First of all, welcome to the forum!
I am currently training my 15 year old paint mare barrels, poles, and speed events alike.
Strictly because of your horse's age, have you ever taken her to a vet for a full lameness evaluation? Speed events are very hard on a horse's body, especially when they are a little older. To keep them in good running shape, and to prevent any problems, I routinely have my horse's checked by a good vet.
Also, make sure her teeth are examined at least once a year (For good dental care) and it is always a good idea to have them checked by a chiro.
I started her last year and for not knowing anything about it previous to purchasing her, she caught on quite well winning me a Reserve Speed Champion title.
She doesn't have them perfected yet but is definitely coming along; however, I recently ran her and she was very very hot. I ran the pattern and she continued to run and turn and stop, but I didn't feel like she was "listening." Wasn't sure if maybe I just wasn't used to this enthusiasm or if maybe she was being disrespectful.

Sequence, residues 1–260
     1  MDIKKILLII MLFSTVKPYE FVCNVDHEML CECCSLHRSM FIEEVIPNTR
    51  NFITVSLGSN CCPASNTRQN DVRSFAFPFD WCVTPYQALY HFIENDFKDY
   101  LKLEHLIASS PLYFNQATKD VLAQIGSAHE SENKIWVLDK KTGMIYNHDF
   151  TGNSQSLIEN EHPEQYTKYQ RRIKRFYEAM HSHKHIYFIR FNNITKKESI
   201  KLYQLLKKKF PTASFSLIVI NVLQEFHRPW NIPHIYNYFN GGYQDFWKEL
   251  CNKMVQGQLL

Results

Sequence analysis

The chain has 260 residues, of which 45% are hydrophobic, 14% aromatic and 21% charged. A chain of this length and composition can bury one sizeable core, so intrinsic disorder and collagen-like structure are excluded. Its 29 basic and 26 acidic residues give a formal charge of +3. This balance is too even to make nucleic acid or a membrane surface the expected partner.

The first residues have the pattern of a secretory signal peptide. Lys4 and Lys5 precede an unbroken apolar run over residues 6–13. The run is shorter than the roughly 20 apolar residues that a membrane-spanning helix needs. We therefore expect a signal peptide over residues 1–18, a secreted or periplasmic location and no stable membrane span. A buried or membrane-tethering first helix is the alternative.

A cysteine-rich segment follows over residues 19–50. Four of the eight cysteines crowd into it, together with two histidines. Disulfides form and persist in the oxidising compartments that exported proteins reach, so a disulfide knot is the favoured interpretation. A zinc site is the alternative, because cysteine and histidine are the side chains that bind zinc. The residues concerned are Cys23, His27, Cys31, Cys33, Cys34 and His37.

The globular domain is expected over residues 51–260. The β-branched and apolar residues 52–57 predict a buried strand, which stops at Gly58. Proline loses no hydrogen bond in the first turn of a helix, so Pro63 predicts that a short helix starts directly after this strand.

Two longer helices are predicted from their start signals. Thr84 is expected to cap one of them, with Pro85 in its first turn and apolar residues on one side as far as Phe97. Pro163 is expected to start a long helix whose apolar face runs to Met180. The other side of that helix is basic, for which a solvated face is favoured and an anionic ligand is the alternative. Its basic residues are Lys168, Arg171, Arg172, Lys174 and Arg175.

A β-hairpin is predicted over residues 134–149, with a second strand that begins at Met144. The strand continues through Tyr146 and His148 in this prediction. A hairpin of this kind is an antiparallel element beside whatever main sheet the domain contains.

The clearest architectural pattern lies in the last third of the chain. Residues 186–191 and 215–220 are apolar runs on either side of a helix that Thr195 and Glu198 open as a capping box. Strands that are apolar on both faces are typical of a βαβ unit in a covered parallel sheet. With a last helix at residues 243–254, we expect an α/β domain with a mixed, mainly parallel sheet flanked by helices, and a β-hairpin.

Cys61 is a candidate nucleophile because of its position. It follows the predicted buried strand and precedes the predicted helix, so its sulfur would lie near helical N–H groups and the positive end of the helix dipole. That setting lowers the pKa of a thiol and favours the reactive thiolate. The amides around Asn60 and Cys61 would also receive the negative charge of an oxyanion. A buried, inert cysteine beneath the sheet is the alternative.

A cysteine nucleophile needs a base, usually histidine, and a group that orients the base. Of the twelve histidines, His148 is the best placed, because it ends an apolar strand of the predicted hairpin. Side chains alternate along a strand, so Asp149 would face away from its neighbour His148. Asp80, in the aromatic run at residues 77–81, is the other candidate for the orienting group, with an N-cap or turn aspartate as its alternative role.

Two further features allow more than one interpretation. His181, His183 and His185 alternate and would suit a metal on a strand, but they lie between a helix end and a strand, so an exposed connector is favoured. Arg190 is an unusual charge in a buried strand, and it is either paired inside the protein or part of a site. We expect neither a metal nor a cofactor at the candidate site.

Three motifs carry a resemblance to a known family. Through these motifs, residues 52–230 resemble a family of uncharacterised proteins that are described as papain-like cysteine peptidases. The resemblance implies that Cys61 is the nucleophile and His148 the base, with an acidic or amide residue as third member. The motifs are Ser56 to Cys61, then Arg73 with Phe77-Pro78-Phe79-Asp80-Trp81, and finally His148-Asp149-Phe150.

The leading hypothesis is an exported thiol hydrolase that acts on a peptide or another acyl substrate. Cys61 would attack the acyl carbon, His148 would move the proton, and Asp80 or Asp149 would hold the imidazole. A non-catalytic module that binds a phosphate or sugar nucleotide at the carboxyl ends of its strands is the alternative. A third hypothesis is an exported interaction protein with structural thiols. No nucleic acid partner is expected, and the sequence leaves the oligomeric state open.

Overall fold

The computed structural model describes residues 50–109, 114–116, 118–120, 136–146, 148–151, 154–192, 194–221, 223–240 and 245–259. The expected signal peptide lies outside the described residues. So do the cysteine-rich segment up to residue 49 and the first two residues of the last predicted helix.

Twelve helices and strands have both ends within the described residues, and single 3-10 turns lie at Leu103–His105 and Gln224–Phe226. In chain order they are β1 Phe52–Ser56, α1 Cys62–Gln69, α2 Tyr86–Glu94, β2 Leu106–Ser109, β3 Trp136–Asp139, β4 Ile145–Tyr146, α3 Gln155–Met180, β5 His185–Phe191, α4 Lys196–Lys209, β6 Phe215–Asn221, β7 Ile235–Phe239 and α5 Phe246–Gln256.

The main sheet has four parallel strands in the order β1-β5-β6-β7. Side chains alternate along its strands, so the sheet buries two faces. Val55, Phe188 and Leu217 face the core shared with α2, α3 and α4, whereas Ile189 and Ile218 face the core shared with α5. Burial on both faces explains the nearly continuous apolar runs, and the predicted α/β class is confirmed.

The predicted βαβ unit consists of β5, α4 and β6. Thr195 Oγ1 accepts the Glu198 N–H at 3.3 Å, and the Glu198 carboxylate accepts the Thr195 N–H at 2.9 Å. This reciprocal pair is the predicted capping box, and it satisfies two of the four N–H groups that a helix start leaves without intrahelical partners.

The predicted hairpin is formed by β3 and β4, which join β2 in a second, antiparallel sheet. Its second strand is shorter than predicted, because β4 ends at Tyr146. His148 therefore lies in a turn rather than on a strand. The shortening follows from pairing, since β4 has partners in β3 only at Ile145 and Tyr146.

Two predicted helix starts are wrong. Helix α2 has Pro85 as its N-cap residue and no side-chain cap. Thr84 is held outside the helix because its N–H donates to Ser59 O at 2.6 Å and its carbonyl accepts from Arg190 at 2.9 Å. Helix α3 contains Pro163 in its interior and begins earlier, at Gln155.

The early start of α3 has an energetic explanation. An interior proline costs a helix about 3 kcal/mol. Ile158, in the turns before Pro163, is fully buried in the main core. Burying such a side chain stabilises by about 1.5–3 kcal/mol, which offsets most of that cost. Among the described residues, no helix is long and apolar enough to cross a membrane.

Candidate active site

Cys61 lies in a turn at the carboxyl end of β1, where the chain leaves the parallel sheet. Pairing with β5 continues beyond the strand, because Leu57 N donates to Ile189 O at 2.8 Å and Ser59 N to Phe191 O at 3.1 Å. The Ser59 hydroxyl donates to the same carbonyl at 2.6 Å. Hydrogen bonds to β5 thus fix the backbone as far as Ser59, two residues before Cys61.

If she was not listening to you, then she's not listening to you. Disrespectful!
It's always a very fine line when dealing with gaming/barrel horses. You want them to have that extra "fire" in their feet, but yet you need to always maintain control. Always.
Were you at a show with this episode, or were you at home?
I would slow her back down. Get control back. Get her listening to you. If you need to, enter her at a show but make her take it slow. It is much easier to "head off" a problem ahead of time, than to try a fix a horse that has already developed bad habits.
Also, do you do any slow events with her, such as western pleasure, ranch horse, reining, etc? That would be good for her mind too, so that she learns it isn't always run-run-run when she's in the arena.
I do every single event with my horses so that they learn when it's time to run and when it's time to do something else. They don't get "on the muscle" until I give them the cue to do so. I am very specific with them so they learn to know exactly what I want and exactly what is going on.